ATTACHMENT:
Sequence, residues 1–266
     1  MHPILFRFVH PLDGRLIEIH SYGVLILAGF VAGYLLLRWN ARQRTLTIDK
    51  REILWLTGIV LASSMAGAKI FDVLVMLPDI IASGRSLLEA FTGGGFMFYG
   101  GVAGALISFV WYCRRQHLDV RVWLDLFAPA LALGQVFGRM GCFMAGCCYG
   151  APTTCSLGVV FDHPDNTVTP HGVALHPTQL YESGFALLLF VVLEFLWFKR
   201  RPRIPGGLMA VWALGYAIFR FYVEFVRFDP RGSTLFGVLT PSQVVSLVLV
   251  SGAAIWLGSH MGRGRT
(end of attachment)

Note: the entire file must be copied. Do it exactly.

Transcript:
Sequence, residues 1–266
     1  MHPILFRFVH PLDGRLIEIH SYGVLILAGF VAGYLLLRWN ARQRTLTIDK
    51  REILWLTGIV LASSMAGAKI FDVLVMLPDI IASGRSLLEA FTGGGFMFYG
   101  GVAGALISFV WYCRRQHLDV RVWLDLFAPA LALGQVFGRM GCFMAGCCYG
   151  APTTCSLGVV FDHPDNTVTP HGVALHPTQL YESGFALLLF VVLEFLWFKR
   201  RPRIPGGLMA VWALGYAIFR FYVEFVRFDP RGSTLFGVLT PSQVVSLVLV
   251  SGAAIWLGSH MGRGRT